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Offers for preseason trout fishing are out there

Commentary

As we enter the final week of February, it’s almost safe to think that winter should be making a quiet exit relatively soon.

That cautious optimism is based somewhat on the exceptionally mild winter we have experienced so far.

A few of the unseasonably nice days last month and this month offered the opportunity to do some most welcome wintertime trout fishing. And the weather forecast for next week looks favorable for another trip or two.

The extended trout season on stocked trout waters runs until this Saturday, Feb. 29, with a daily limit of three trout. On March 1, all stocked trout waters are closed to all fishing until the opening day of trout season, which is April 18 in our region this year. After that date, many trout waters around the state that are managed under special regulations offer preseason trout fishing options for early-bird anglers on a catch-and-release basis.

A complete statewide listing of all special regulation areas and the specific rules for each one can be found in the “2020 Pennsylvania Fishing Summary” book that comes with the purchase of your fishing license. This information can also be viewed online at the Pennsylvania Fish and Boat Commission website, fishandboat.com. We are fortunate to have numerous special-regulation areas here in our region. I’ll highlight a few of the most popular of them.

The Little Juniata River in Blair and Huntingdon counties and Spring Creek in Centre County are managed under “Catch and Release All Tackle” regulations. Both streams have remarkable populations of wild brown trout and are often rated among the best trout streams in the eastern United States. Although no trout can be kept or killed at any time on these streams, fishing is permitted year-round with any type of tackle using artificial flies and lures and live bait. A section of the West Branch of the Susquehanna River from the outflow of the AMD treatment plant near Watkins downstream to confluence of Cush Creek near Dowler Junction will be included in the “Catch and Release All Tackle” program.

Canoe Creek Lake in Blair County and Koon Lake in Bedford County are designated as “Stocked Trout Waters Open to Year-Round Fishing.” Also in this program is a section of the West Branch of the Susquehanna River in Clearfield County from the SR 2001 bridge near Hyde to the first railroad bridge downstream of Moose Creek and new this year the section from the confluence with Anderson Creek to the SR 2024 crossing at Porters Bridge. Fishing in these waters is permitted year-round with any type of tackle using artificial flies and lures and live bait, but no trout may be kept or killed from March 1 until the opening day of trout season on April 18.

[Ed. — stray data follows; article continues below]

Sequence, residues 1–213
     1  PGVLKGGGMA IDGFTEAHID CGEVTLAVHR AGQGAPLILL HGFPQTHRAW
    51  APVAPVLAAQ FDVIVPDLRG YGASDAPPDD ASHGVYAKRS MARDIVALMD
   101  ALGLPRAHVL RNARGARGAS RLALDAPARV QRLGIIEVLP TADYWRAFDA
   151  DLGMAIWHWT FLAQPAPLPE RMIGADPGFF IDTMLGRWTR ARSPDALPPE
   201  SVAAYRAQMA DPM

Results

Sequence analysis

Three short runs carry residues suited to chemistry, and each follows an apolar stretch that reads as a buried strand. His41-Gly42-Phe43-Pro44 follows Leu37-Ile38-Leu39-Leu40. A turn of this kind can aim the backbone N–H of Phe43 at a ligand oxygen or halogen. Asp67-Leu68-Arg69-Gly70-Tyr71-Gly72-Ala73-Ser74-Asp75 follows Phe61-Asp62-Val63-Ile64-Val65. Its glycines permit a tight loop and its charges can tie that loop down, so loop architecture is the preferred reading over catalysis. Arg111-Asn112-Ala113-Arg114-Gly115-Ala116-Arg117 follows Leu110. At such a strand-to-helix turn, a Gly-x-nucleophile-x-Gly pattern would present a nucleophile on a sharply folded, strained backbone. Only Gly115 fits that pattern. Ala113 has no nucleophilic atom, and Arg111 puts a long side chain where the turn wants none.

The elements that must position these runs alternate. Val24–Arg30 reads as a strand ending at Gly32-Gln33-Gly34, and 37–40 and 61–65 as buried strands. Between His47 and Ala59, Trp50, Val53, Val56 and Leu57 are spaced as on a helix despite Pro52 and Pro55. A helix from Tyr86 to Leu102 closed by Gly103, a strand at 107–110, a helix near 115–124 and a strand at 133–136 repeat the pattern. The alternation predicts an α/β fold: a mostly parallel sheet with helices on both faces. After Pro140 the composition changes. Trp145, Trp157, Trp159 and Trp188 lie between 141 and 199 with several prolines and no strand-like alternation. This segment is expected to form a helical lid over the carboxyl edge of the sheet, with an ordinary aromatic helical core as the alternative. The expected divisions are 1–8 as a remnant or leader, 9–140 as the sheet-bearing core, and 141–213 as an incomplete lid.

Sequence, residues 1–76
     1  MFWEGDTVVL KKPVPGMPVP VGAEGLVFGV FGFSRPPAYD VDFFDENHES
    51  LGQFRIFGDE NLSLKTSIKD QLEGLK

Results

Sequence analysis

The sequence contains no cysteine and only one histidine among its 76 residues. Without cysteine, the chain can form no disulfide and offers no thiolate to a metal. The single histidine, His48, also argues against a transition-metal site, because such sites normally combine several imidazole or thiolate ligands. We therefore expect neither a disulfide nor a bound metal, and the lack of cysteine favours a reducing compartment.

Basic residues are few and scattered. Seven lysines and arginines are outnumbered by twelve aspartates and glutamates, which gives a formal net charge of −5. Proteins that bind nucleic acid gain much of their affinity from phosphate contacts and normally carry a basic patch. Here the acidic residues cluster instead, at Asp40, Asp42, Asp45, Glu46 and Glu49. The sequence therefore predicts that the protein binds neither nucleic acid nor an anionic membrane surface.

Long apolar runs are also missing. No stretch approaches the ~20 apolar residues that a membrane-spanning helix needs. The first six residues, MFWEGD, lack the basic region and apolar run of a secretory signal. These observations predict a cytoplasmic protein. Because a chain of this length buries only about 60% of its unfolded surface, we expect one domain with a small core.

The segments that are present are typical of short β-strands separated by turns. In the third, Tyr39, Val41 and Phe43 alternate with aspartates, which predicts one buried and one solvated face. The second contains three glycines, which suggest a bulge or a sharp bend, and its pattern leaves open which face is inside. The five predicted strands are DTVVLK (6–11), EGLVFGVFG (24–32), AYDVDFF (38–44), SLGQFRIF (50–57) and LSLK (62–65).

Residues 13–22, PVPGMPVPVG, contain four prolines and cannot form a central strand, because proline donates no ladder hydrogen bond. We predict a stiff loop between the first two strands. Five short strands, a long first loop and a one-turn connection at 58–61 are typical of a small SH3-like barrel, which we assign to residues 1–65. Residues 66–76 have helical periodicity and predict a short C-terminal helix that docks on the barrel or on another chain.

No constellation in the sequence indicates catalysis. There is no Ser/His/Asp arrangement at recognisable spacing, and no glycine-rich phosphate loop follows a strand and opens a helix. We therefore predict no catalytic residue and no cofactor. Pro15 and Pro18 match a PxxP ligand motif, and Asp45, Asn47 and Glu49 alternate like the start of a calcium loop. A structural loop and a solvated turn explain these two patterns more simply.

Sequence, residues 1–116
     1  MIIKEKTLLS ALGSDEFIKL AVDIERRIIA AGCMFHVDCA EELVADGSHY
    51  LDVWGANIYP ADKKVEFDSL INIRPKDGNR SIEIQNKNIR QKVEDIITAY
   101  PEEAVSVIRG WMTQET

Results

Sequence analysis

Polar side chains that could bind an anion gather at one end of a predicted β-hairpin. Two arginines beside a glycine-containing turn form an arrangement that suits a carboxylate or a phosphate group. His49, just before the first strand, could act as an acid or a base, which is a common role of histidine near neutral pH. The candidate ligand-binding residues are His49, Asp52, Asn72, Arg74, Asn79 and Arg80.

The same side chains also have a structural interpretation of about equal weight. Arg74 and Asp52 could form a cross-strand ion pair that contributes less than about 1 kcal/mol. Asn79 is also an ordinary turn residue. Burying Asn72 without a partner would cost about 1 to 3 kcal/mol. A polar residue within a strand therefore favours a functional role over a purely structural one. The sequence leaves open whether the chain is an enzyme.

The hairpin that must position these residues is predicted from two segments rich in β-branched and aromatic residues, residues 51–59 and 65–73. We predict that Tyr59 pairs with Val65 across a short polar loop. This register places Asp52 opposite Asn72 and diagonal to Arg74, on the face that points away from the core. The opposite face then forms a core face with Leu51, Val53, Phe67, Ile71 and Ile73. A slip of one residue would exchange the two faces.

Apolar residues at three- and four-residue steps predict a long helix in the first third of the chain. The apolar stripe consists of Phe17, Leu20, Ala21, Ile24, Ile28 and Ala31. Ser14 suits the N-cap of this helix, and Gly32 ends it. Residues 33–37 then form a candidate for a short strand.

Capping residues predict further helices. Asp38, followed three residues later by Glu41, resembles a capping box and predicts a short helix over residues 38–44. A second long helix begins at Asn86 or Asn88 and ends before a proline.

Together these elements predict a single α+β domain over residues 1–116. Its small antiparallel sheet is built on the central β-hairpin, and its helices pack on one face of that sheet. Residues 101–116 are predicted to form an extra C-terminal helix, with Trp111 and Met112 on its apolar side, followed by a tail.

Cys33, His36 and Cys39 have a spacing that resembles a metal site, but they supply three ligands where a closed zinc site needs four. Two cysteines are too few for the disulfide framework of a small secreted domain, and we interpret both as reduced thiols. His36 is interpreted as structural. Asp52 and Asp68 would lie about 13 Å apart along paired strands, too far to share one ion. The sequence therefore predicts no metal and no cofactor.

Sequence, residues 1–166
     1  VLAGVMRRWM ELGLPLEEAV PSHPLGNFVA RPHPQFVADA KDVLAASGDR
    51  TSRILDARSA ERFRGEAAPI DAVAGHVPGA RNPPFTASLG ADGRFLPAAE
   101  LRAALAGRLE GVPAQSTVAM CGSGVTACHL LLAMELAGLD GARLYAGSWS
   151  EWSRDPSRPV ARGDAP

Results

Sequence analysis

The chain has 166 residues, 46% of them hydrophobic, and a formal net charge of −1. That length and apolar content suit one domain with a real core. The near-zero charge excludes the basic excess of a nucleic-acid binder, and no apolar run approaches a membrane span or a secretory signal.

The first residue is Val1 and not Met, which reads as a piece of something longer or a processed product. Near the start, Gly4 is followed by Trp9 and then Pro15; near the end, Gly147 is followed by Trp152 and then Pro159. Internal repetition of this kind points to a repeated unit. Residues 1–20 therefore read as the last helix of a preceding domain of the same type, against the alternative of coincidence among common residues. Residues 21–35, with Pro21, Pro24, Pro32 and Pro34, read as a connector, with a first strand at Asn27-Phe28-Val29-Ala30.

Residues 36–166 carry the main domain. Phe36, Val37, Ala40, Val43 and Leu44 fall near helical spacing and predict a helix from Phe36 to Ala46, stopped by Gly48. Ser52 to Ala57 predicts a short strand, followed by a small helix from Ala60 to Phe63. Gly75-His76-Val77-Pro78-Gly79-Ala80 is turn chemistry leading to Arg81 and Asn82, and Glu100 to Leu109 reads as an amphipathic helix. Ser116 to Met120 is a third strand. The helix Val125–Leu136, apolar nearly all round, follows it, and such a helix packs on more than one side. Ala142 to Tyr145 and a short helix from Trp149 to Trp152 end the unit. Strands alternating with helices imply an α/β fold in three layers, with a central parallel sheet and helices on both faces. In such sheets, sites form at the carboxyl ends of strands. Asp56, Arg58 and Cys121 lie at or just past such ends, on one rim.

Four stream sections in our area are managed under “Delayed Harvest Artificial Lures Only” (DHALO) regulations. On these projects, all fishing must be done with artificial flies or lures, and the use or possession of live bait is prohibited. They include 1.3 miles of Black Moshannon Creek in Centre County; 1.1 miles of Little Clearfield Creek and 1.7 miles of Sandy Lick Creek in Clearfield County; and over a mile and a half of Chest Creek near Patton in Cambria County. The Delayed Harvest section of Chest Creek is also included in the Keystone Select Trout Waters program and will receive a special allotment of larger trout, measuring from 14 to 20 inches, during the preseason and in-season stockings there.

The DHALO area of Sandy Lick Creek is scheduled to be stocked on March 2; stocking on the DHALO area of Little Clearfield Creek is scheduled for March 24; the DHALO area of Chest Creek is scheduled to be stocked on March 26; and the DHALO area of black Moshannon Creek is scheduled to be stocked on March 27.

Because most DHALO areas are located on stocked trout streams that are closed to all fishing until the opening day of trout season, so be sure to stay within the boundaries of the special regulation area when fishing during the preseason. Information on the boundaries of DHALO areas can be found on the Pennsylvania Fish and Boat Commission website.

Fly anglers in our area have a couple of more options for early-season fishing. The famous Fisherman’s Paradise section of Spring Creek located between State College and Bellefonte is the oldest piece of special-regulation water in Pennsylvania and is currently managed as “Catch and Release Fly-fishing Only.” About a mile of Yellow Creek in Bedford County downstream of the village of Loysburg is also under the same regulations. Fishing on either of these sections is restricted to fly tackle and artificial flies only.

These and the many other special regulation areas throughout the state will allow anglers to fish for trout between now and opening day regardless of whether they fish with flies, lures or bait. So if you are looking to say good-bye to Old Man Winter as soon as possible, think about getting your fishing license, dusting off your tackle and heading to a favorite stream.

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